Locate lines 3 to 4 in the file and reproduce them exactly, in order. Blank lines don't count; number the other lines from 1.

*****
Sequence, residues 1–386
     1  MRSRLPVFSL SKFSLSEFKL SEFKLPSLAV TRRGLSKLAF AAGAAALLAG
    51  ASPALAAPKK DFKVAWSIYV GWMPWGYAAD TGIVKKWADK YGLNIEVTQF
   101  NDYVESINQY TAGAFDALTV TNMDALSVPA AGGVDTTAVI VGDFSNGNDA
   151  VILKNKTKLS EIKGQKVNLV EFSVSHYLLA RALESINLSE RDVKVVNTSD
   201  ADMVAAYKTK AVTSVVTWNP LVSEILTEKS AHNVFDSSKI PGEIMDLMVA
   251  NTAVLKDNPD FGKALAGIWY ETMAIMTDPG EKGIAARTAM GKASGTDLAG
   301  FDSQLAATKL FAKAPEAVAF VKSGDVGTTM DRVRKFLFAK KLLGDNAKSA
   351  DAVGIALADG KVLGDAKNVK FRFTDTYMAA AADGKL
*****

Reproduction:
    51  ASPALAAPKK DFKVAWSIYV GWMPWGYAAD TGIVKKWADK YGLNIEVTQF
   101  NDYVESINQY TAGAFDALTV TNMDALSVPA AGGVDTTAVI VGDFSNGNDA